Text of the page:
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Friday, 3 June 2016

Garden Design - Create your own classic formal garden - you only need two things!

If you enjoy the neatly clipped hedges and geometric shapes you see in the classic gardens and at many stately homes, then why not create a formal garden of your own at home? Whether it's your whole garden or a small part of it, it's really easy to do, and can be adapted to whatever size space you have. You only need 2 things.



The first is: low hedging. The low, neatly clipped hedge is the quintessential ingredient of a formal garden, dating from the renaissance gardens of Italy and the parterres of palaces in 18th century France. It provides formal structure, and acts as a framework for the garden. 

Box (Buxus sempervirens) is the ideal plant for your formal hedges. It grows slowly and can be clipped tightly into smart shapes with tidy edges. It's evergreen, so maintains its attractive structural form in winter. In spring and summer it serves as a plain, but bright counterpart to whatever is planted around it. And it is easy to look after.

All you need to do is buy small box plants for £2-3 each and plant them in lines about 12-18 inches apart and they will knit together to form a hedge within 2 growing seasons. They need time to fill out to achieve the desired look completely. Just leave the sides to grow outwards whilst pruning the top each year to keep them low.




GREEN FINGERS TIP: Traditionally box is clipped after Derby Day (first week in June) but wait for a dry overcast day to avoid moisture getting into the cut leaves or sun scorching the freshly cut edges. Clip too early in the year and the fresh young re-growth will be damaged. Provided you choose a suitable day, you can keep clipping them from June to September to keep them tidy.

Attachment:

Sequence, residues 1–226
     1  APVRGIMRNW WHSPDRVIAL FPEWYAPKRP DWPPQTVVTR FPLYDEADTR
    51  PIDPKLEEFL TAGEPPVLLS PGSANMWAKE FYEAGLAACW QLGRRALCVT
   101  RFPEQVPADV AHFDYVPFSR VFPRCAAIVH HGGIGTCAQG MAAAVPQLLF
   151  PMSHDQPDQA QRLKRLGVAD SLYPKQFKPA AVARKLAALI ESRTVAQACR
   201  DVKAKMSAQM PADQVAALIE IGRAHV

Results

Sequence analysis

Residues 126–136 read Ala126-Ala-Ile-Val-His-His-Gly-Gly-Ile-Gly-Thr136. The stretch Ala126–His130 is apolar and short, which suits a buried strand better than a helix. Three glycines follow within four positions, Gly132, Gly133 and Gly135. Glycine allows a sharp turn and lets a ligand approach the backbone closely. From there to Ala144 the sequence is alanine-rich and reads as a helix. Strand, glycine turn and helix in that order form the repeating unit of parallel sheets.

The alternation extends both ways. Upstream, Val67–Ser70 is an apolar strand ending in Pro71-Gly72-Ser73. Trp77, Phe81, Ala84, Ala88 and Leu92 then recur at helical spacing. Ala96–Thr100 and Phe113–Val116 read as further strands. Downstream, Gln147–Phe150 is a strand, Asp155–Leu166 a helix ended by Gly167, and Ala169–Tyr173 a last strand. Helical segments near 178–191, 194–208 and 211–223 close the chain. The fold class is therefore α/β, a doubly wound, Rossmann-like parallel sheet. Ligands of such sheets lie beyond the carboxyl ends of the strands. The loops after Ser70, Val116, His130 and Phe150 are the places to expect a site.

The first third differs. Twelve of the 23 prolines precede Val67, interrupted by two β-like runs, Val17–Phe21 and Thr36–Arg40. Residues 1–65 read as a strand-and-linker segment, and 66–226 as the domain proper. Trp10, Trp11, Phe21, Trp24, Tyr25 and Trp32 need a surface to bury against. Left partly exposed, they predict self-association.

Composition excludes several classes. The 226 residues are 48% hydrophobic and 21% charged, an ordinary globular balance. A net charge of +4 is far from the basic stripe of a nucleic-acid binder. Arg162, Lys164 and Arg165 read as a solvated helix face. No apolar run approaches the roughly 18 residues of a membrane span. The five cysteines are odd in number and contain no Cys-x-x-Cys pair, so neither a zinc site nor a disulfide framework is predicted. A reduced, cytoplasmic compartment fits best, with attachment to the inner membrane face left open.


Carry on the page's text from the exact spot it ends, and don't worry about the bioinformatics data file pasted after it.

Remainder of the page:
The second thing you need for your formal garden is...something else! It doesn't really matter what. You just need a counterpoint to the low horizontal box hedging. Unless it will be viewed from above it needs to be something vertical to give your formal garden a third dimension, but you can choose according to your taste and budget. And you can include several different ones to ensure it looks great at different times of the year. Here are some good options:
 
A statue - adds to the classical design and provides a focal point at end of a path or in the centre of a parterre. Even a small statue can lend a sophisticated air to a part of your garden. Or it could be something practical like a bird bath.

A specimen plant - such as a standard trained small tree or shrub, or a piece of topiary. The picture at the top of this post shows box and yew pruned into pyramids and standard lollipops, at Abbey House Gardens in Malmesbury. Topiary doesn't need to be difficult or expensive, it could just be a simple pyramid or cone shape.

Roses - the combination of roses and box hedges is hundreds of years old and remains inviting, with an air of the mansion house about it. This gives a great classical look all summer.
 
Tulips - Look great in spring with their richly coloured flowers contrasting nicely with the bright green of the box and their upright stems complement the low, flat topped hedges. 

So if you want a simple, classical, low maintenance garden, have a go at making your own box parterre. It sounds posh, but it's easy to do. 

Is there something else you think looks good as a feature in a formal garden. Please share your ideas using the comments box.    

1 comment:

  1. I'm so glad I found this site. It's full of helpful tips and inspirational advice. Love the enthusiasm too!

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